PAM THOMPSON, Day Care Coordinator: Because we’re health care based we take a lot of precautions. I mean, we’re sterilizing toys, we’re using gloves, changing children. We’re washing everything down. We’re sterilizing the life out of things. We felt like we did everything we could. And we still had seven cases. You wonder was the immunization effective, maybe the vaccine wasn’t effective.

DR. MEHRAN MASSOUDI, Centers for Disease Control: It’s not an easy thing to do to find out if the vaccines that have been given were, indeed, not viable. There is no evidence to suggest that previously, nor this time, however, it could occur. It is a possibility.

LEE HOCHBERG: The CDC’s Massoudi says he believes the vaccine is working because even if there are more pertussis cases, they are generally not serious. He says the vaccine fails to impart full immunity 10 to 30 percent of the time, but even in those cases it carries the benefit of making the symptoms of pertussis less severe if children do contract it.

DR. MEHRAN MASSOUDI: We have had pertussis; however, it has been much more mild. And it could have been much worse if the pertussis coverage–the vaccination coverage was not as high as it was. Hospitalization rates have been very low, less than five hospitalizations. And I consider that a success.

RICHARD HOLBROOKE: Researchers say the real problem with the vaccine may be that its effectiveness seems to be waning as children grow older. Epidemiologist Paul Stepak of the nearby Spokane Health District found many local teenagers have lost their immunity to pertussis. They may suffer only a nagging cough but transmit the disease to youngsters, to whom it is far more dangerous.

DR. PAUL STEPAK, Epidemiologist: You have a vast reservoir of adolescents and young adults with mild inter-current pertussis infections who can serve as a means of exposure and transmission to many other people. If I were a betting man, I’d bet big that you would find many cases.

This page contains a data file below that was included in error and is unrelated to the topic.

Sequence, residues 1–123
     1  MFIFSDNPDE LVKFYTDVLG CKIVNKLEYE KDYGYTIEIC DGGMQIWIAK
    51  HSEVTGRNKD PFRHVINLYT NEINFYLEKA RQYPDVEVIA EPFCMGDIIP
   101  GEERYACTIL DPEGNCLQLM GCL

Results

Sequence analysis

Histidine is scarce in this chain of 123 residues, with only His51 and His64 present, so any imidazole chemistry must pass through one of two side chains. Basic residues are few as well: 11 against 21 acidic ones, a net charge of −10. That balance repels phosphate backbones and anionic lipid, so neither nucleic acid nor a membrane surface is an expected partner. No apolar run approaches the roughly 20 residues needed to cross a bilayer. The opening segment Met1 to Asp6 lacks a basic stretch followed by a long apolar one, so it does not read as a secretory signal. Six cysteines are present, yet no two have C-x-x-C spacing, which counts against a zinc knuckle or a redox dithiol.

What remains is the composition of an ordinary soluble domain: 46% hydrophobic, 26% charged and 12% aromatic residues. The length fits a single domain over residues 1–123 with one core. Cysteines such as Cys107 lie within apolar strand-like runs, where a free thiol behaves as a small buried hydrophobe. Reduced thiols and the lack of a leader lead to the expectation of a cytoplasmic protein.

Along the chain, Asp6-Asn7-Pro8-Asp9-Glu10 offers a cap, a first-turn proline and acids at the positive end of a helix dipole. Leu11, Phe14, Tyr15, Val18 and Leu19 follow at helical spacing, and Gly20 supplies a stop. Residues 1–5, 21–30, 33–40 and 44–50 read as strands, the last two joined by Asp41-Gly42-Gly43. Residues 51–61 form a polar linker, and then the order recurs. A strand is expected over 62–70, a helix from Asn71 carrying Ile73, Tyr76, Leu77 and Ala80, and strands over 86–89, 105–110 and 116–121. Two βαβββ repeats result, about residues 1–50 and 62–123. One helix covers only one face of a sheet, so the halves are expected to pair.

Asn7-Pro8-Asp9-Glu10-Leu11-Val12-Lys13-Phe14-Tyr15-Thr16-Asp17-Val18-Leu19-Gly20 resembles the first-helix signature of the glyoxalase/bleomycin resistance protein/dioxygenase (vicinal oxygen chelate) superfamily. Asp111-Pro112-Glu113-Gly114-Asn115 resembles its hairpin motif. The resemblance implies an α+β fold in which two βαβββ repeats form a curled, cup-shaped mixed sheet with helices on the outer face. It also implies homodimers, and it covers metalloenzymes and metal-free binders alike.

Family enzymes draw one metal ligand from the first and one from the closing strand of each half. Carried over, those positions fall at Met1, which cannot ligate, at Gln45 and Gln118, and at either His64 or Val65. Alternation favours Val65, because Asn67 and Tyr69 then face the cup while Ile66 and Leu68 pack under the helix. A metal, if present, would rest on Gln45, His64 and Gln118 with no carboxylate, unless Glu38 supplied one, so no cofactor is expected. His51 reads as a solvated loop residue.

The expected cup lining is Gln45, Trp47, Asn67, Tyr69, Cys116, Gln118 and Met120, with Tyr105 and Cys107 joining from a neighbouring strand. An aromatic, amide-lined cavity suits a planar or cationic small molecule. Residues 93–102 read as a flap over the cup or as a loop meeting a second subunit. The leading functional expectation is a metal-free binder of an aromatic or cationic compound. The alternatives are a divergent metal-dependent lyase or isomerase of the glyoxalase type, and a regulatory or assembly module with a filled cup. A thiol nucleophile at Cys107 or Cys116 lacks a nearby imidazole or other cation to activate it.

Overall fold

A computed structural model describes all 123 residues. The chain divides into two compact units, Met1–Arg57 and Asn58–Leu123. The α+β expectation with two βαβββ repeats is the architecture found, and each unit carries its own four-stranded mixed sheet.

LEE HOCHBERG: Two out of ten pertussis cases are adults, higher than in the past. The situation is aggravated in places like Coeur D’Alene, a tourist town, with many low-wage jobs with no sick time. Public Health Nurse Randi Russo.

RANDI RUSSO, Public Health Nurse: A lot of the people that are employed in our town are kind of minimum wage folks. They can’t endure the loss of pay. They are coughing for weeks on end. They’re in our shopping malls. They’re in our movie theaters. They’re in our schools. They’re afraid they’re going to lose their job, so they go to work anyway. And while they’re at work anyway, they’re spreading the disease.

LEE HOCHBERG: Russo says employers have not responded to health district requests to reconsider sick leave policy. Doctors, meanwhile, have no strategy of their own for fighting pertussis in adolescents and adults, besides antibiotics. If it’s not going away, the only way to protect children from it may come back to immunizations.

DR. PAUL STEPAK: As for what needs to be done in that regard the answer is blessedly simple. We need to be completely vigilant on the issue of getting children vaccinated.

LEE HOCHBERG: Together with the local Rotary Club Idaho’s Panhandle Health District has started an incentive program to get kids immunized, rewarding families who complete the full regimen of vaccinations with a free potty seat. The CDC, meanwhile, is advocating that child immunizations be offered nationwide at places where parents receive public assistance. The agency also hopes that a newly available pertussis vaccine, called DATP, might make immunizations more effective.

DR. PAUL STEPAK: They may produce a better quality of immunity, so to speak, in those who are vaccinated. And also, because its adverse reactions are so much less, it may be much more acceptable. And so we’ll have improved vaccination levels to protect our population.

LEE HOCHBERG: But after a year’s use of the new vaccine, there’s been no change in immunization rates. Doctors are considering adding a new booster shot for adolescents to combat waning immunity, but there may be little else they can do.

DR. PAUL STEPAK: Until vaccine programs can more aggressively reach people who need to be immunized, you can expect that there will be outbreaks of pertussis in many communities, perhaps all communities.

LEE HOCHBERG: The CDC expects to issue its final assessment of the Idaho outbreak later in September.